The bartender at the Faust recommended this to me when I asked for something that had a big, full flavor, but not super aggressive like an IPA.  What I got was a pint of OktoberFaust, their seasonal house beer on tap.  It pours a very clear dark amber, with just a touch of a wet, white head.  I wouldn’t really say it is as dark as your average Dunkels, but it was far from pale.  A good walnut brown.
The nose to it was reminiscent of classic dark Bavarian beers; very malt forward and balanced, with a quite complex bouquet of toasty, caramelized, sweet malty goodness.  I also got hints of grain and some earthy scents.  This glass in my hand was beckoning me with its tantalizing smell.  Time to embrace my German roots and try this celebratory beer.
Now, generally I have some qualms with your typical Märzen.  At times I’ll think it too light, too watery, too lacking of any real character.  This OktoberFaust most certainly did not have those problems.  First and foremost, there was a big malt flavor, somewhat similar to a Bock in flavor, but sweeter than usual.  The finish and mouth-feel on it were quite clean and crisp, extremely refreshing.  After a few tastes, you start to get some hop bitterness, just enough to liven up the taste buds and kick the complexity into a new dimension.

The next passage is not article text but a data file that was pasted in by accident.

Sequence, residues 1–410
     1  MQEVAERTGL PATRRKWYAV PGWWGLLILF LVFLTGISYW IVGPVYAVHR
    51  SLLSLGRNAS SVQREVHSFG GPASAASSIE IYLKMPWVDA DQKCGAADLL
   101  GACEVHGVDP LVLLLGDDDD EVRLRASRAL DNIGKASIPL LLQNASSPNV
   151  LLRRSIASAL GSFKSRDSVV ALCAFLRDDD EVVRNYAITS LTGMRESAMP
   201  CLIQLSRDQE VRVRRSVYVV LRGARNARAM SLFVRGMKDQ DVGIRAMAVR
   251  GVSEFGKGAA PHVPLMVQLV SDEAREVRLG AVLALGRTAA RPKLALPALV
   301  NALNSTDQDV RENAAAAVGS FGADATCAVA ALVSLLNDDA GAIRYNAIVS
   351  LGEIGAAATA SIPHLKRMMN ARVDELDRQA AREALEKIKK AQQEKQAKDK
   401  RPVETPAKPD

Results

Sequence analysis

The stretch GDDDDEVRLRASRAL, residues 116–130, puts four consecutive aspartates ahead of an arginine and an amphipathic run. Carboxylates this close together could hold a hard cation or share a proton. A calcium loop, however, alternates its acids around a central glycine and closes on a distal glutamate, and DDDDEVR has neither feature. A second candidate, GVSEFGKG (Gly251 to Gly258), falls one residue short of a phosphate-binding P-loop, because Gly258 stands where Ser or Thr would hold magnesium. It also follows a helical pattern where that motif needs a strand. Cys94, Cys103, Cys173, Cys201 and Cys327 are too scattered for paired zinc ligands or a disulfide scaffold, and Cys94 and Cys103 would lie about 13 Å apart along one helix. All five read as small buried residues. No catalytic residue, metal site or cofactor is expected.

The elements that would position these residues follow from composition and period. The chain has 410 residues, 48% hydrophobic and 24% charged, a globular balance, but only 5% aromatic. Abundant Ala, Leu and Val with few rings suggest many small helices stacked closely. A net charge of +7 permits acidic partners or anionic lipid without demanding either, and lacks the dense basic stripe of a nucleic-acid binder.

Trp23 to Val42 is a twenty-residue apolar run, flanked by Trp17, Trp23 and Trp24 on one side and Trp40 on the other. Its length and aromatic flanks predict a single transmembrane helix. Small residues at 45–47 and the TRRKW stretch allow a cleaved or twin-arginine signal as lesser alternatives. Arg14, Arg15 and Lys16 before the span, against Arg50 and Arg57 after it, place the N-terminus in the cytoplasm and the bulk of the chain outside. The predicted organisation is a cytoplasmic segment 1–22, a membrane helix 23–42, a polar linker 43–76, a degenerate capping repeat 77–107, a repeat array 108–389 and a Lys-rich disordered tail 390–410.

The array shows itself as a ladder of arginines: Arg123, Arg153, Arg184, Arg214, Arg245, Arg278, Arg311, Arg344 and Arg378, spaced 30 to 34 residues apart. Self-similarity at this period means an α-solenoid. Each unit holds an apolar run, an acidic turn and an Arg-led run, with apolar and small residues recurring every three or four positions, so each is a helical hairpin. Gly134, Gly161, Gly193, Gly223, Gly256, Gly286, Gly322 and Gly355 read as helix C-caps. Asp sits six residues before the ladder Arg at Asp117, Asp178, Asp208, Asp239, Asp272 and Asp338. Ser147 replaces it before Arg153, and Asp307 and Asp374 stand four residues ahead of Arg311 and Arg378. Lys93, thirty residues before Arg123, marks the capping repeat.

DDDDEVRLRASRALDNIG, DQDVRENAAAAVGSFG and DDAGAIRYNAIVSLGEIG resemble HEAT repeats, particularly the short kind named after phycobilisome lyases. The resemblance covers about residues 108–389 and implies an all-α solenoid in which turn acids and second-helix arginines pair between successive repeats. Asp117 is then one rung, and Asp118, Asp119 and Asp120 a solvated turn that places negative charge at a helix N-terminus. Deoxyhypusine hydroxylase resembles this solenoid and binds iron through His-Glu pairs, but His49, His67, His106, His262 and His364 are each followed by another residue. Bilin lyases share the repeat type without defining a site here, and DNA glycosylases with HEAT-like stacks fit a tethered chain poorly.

Overall, this beer has done more to improve my view on Oktoberfest-style Märzens than nearly any other I’ve tried.  It knew when to perfect its strong points, and it knew when to break from the mold.  A real treat, but unfortunately not something that will be around forever.  Oktoberfest comes just once a year, and along with it is some great beer.